New Guidance on Pay Transparency for Applicants and Employees
As you all know from our recent Newsletter and our recent Breakfast Briefing, effective January 1, 2023, employers are required to engage in certain new behaviors that increase the transparency of their pay practices. In case you missed it, here is a link to our Year-End Newsletter: 2022 Developments in Employment Law: What California Employers Need to Know in 2023, which includes a detailed summary.
On December 27, 2022, the California Department of Industrial Relations (“DIR”) issued answers to some Frequently Asked Questions with respect to the new transparency rules. Below you will find the new rules, with the answers to the FAQs embedded in bold text. We recognize that this won’t answer all the questions you may have, so please reach out if you would like to help applying the new rules.
All employers, regardless of size: Must provide a “pay scale” for a current employee’s position at the employee’s request.
Pay scale means the salary or hourly wage range (or set hourly rate if the employer knows that already) the employer reasonably expects to pay for the position. Pay scale does not include bonuses, tips, or other benefits. However, it does include any piece rate or commission wages.
The pay scale must actually appear on the posting. Employers may not rely on a link or QR code that takes the reader to the salary information.
What about Remote Workers? This requirement applies to any job posting that could possibly be filled by a person in California, regardless of whether the employee is remote or in person; i.e., if an employer advertises for a remote position that could be filed by someone working remotely in CA then they have to include the pay scale (even if the job also could be filled by a non Californian).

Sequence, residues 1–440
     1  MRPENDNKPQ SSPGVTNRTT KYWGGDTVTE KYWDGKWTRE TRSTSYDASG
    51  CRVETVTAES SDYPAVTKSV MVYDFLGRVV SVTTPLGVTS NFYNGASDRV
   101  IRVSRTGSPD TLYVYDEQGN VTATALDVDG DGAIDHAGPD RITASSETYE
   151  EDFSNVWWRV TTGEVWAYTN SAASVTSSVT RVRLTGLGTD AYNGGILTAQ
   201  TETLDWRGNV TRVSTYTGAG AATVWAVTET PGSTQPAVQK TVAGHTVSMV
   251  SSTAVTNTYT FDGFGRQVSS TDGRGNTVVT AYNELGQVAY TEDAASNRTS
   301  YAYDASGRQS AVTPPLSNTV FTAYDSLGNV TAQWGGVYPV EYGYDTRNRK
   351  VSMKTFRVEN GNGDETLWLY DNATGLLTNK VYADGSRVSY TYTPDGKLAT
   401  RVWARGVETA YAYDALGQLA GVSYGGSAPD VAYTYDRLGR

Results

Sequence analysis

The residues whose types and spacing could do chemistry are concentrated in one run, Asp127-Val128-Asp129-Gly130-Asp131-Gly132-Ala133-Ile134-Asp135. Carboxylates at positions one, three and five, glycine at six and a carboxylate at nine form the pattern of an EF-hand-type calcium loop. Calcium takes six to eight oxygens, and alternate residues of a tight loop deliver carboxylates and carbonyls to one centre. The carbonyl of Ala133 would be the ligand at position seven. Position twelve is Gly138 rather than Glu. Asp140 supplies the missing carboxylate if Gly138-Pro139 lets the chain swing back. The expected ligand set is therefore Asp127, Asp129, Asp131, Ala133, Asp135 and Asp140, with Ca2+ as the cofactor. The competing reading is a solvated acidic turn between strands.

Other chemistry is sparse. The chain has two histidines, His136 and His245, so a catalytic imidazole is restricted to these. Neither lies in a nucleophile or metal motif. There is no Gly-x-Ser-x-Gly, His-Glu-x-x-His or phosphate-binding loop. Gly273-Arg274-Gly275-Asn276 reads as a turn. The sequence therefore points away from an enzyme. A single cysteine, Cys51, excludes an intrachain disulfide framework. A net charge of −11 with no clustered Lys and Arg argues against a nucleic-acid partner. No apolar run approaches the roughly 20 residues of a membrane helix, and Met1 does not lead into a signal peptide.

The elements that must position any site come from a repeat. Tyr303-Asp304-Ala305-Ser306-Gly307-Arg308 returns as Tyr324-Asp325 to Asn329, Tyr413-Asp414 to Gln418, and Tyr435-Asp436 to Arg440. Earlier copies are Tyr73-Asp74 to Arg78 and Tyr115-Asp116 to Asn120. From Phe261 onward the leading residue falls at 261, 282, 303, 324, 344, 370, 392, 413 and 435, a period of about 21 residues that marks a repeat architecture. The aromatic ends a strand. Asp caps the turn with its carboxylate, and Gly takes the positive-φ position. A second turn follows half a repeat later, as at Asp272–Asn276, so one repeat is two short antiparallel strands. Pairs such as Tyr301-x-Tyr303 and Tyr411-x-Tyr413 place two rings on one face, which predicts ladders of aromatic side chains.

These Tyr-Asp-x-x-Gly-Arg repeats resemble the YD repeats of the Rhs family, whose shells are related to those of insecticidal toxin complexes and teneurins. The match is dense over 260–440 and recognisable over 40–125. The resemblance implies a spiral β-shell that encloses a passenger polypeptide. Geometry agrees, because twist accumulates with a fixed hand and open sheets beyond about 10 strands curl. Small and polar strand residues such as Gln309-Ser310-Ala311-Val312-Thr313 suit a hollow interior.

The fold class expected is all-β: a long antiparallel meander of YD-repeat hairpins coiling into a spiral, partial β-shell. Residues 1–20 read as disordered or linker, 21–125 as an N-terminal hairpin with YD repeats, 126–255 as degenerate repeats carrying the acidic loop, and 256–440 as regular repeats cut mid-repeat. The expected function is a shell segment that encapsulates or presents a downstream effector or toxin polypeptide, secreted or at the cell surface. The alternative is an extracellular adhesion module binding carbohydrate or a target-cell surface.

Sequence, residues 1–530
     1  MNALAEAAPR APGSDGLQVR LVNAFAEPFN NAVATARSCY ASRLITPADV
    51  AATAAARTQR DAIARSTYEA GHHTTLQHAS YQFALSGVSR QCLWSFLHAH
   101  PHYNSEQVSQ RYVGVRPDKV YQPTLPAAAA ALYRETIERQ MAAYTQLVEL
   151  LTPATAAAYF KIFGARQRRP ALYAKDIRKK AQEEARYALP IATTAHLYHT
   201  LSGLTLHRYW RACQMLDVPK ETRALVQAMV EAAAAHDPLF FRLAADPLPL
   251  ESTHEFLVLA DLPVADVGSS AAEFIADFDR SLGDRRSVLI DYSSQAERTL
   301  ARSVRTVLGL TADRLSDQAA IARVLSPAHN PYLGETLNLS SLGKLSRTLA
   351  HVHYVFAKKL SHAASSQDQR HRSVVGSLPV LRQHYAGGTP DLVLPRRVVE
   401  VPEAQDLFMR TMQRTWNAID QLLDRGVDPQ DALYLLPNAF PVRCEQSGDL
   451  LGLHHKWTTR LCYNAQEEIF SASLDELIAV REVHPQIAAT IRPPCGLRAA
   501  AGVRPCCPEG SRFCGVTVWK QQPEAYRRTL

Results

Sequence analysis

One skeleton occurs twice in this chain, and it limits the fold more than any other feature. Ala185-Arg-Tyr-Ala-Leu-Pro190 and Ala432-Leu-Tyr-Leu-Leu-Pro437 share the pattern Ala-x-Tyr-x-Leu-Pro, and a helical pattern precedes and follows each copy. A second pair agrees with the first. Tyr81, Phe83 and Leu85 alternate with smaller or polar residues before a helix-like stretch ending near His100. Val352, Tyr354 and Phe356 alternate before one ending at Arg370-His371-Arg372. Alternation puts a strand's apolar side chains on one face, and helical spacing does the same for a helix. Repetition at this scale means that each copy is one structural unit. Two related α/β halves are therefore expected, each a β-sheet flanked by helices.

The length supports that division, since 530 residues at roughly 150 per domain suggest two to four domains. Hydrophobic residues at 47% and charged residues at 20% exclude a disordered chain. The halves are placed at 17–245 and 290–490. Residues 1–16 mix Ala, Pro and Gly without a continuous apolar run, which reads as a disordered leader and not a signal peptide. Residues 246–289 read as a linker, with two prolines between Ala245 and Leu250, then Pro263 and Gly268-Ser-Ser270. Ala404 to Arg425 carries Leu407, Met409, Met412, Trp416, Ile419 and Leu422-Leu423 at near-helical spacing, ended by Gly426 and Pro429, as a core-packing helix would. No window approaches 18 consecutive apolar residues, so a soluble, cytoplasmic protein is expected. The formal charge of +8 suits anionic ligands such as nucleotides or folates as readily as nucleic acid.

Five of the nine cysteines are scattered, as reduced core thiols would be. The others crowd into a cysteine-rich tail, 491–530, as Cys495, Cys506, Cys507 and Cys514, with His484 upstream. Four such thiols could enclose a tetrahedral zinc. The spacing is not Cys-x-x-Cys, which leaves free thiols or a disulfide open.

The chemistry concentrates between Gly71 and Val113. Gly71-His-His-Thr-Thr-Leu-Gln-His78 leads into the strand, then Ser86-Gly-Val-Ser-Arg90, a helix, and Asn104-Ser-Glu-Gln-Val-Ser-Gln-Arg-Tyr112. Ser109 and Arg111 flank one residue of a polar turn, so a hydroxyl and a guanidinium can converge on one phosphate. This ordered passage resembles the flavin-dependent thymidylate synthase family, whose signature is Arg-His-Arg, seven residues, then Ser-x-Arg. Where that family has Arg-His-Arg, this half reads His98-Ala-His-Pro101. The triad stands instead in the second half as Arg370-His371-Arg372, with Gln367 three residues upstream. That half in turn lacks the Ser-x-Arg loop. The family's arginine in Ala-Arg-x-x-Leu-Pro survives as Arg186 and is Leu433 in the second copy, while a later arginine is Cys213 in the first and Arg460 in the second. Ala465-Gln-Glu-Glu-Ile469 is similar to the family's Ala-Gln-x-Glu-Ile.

For these same employers: there are new record retention requirements, including that employers must maintain records of job titles and wage rate histories for the duration of an employee’s employment and three years after termination of employment. The California Labor Commissioner will have authority to inspect these records. Failure to comply with the pay scale disclosure or record retention requirements can result in penalties ranging from $100 to $10,000 per violation.
Employers with more than 15 employees: Must include a pay scale (as defined above) in all job postings (and provide that information to third parties who post those jobs).
Employers will calculate their total employees the same way they did under the 2022 COVID-19 Supplemental Paid Sick leave regulations: the employer must use a reasonably method of counting employees and that the count includes exempt employees and part time employees.
This count includes workers outside of California as well, as long as at least one (1) employee currently is located in California. For example, 14 employees could be working in Arizona and one employee in CA, and the requirement applies to the Company. Extrapolated, this likely means that if 99 employees are scattered across the US, and one employee is in California, the Company must comply with the rules for employers with 100 or more employees.
Employers with 100 or more employees: Have additional pay data reporting requirements to submit to the California Civil Rights Division (formerly the Department of Fair Employment and Housing) (the “CRD”), regardless of whether they need to submit EEO-1 reports.
Reports now are due annually on the second Wednesday of May. The first report is due on May 10, 2023, based upon calendar year 2022 pay data. Also, the number of data categories those employers are obligated to report is expanded. Please let us know if you would like more detail on what the reports must include.
A person may file a complaint with the Labor Commissioner’s office for violation of these provisions. They have one year to do so.
We recognize that this won’t answer all the questions you may have, so please reach out if you would like to help applying the new rules.